One big barrier to sustaining education via remote instruction during the COVID-19 pandemic has been students’ unequal access to advanced technology tools. Laptops and internet connections are not available in every household, and even students who usually have such resources available may now find themselves competing for them with siblings or parents studying or working from home.
But educators who want to make sure they reach every student don’t have to resort to mailing printed worksheets. In between high-tech and no-tech solutions for remote instruction, there’s a lot of middle ground to cover.
Here are three alternative ideas for how to ensure students can learn from home when necessary.
Any Device Will Do
Americans have lots of consumer technology tools to choose from, and they haven’t all made the same selections. According to a 2019 Pew Research Center report, 96 percent of adults own a cell phone and 81 percent own a smartphone. About half own a tablet computer, while three-quarters own desktop or laptop computers.
Using learning material and platforms that are accessible on any device may help more students stay on track with schoolwork while they’re stuck at home. That’s the approach the College Board is taking this spring with its adapted AP exams. The tests will be device-agnostic, meaning students will be able to complete them at home using computers, tablets or mobile phones, or even write their responses by hand and take a photo of them to submit.
The emerging field of “mobile learning” aims to design materials and strategies that allow for effective instruction on an array of devices. Some techniques include communicating using text messaging; making cloud-based storage available to students who might not have much space available on their own devices; and designing materials for display on small screens.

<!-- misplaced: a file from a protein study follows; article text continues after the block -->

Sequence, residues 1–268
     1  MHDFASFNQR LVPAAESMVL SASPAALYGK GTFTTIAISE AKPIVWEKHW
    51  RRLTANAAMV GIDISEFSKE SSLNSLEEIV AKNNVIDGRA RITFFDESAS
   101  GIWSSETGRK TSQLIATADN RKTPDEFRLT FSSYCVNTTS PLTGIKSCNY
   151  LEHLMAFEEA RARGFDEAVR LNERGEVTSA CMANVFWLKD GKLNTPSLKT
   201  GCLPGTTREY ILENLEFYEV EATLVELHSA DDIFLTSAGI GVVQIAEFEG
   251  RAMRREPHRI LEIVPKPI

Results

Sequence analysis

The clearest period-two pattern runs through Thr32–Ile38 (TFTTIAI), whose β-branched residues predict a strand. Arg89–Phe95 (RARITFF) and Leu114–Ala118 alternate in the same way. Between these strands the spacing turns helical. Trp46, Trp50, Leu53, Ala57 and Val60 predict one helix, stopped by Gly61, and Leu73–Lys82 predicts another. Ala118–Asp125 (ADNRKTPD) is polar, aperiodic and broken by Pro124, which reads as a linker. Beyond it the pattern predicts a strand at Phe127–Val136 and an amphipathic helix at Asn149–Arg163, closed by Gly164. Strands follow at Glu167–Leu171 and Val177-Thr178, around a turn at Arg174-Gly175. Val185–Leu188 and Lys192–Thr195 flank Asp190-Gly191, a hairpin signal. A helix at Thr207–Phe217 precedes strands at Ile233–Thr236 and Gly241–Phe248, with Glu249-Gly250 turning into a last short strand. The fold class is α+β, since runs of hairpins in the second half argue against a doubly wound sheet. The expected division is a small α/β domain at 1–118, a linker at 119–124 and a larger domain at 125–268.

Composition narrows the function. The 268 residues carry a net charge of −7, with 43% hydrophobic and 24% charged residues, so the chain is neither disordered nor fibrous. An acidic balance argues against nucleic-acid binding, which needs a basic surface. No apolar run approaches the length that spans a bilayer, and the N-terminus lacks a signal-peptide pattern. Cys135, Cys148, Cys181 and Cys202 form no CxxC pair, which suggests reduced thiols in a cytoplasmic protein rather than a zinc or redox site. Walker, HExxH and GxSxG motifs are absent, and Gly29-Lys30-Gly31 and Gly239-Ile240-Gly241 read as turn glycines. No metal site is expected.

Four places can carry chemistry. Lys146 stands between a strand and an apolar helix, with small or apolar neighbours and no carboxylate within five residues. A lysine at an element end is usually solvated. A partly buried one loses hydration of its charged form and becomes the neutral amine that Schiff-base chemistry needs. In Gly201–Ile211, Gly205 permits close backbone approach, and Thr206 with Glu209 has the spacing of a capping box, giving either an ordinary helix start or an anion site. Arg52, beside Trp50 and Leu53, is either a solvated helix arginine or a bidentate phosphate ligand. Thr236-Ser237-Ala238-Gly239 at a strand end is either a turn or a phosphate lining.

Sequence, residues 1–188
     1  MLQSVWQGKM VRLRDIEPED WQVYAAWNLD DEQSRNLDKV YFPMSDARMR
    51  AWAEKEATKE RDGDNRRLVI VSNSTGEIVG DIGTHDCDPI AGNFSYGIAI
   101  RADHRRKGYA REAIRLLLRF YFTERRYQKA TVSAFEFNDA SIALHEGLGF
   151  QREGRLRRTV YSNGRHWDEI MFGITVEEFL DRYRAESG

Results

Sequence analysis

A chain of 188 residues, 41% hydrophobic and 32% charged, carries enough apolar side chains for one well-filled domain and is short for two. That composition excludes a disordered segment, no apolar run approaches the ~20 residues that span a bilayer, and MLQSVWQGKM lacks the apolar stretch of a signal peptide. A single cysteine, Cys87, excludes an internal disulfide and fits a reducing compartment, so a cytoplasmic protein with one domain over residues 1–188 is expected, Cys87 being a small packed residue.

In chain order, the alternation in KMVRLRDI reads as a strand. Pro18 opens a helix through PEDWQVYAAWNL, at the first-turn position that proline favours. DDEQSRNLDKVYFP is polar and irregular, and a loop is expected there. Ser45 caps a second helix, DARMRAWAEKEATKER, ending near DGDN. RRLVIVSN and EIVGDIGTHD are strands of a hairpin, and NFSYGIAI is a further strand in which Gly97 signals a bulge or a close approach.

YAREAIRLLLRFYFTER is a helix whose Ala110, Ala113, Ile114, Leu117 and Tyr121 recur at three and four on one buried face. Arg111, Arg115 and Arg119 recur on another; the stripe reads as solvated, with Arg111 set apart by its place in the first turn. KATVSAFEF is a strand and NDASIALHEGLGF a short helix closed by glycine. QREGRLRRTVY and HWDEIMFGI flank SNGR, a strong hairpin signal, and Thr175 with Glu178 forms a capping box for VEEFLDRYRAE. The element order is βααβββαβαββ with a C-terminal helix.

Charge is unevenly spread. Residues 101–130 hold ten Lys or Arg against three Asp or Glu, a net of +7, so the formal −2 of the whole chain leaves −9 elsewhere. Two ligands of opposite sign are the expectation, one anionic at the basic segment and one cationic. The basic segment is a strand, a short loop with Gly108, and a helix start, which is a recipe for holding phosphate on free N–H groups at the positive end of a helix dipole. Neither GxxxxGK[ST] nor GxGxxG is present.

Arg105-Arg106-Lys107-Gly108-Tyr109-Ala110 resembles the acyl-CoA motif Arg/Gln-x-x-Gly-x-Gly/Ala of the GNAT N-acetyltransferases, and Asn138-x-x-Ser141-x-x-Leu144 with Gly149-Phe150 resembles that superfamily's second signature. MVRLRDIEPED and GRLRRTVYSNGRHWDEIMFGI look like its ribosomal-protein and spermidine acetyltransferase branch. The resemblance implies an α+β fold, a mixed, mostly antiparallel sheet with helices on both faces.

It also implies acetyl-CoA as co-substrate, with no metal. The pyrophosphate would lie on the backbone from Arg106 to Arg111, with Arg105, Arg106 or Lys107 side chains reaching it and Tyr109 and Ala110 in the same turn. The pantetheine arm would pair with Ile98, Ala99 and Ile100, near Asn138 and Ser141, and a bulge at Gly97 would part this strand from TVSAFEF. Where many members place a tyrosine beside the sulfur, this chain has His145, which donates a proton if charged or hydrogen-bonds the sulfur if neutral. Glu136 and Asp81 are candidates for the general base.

For example, a philosophy professor at University of Notre Dame designed an introductory course that draws on “interactive digital essays” published on mobile-friendly web pages attached to the online syllabus, reports Inside Higher Ed. And some corporations have designed higher education and workforce training micro-courses intended for smartphones.
Of course, these programs may take significant time to develop. One idea for a quicker solution to help students work more effectively with smartphones or tablets may be to hook those devices up to relatively affordable external keyboards, which make typing easier.
Tapping Cell Signal
Remote learning depends not only on tools, but also on signals. And broadband Internet connections aren’t available everywhere, especially in rural parts of the U.S.
But cell service is pretty reliable in most places. That’s why it’s often the connection of choice for American Prison Data Systems, a company that provides correctional facilities with education tools that are free for incarcerated people to use.
“Cell companies have decided they need to make connectivity available everywhere,” says Arti Finn, co-founder of the organization. “We’ve seen a lot of instances on the prison side where folks use cellular because Wi-Fi is too expensive to install or can’t be done as quickly as they need it. There’s pretty great penetration, particularly in urban areas. And in rural areas, you can generally get connectivity.”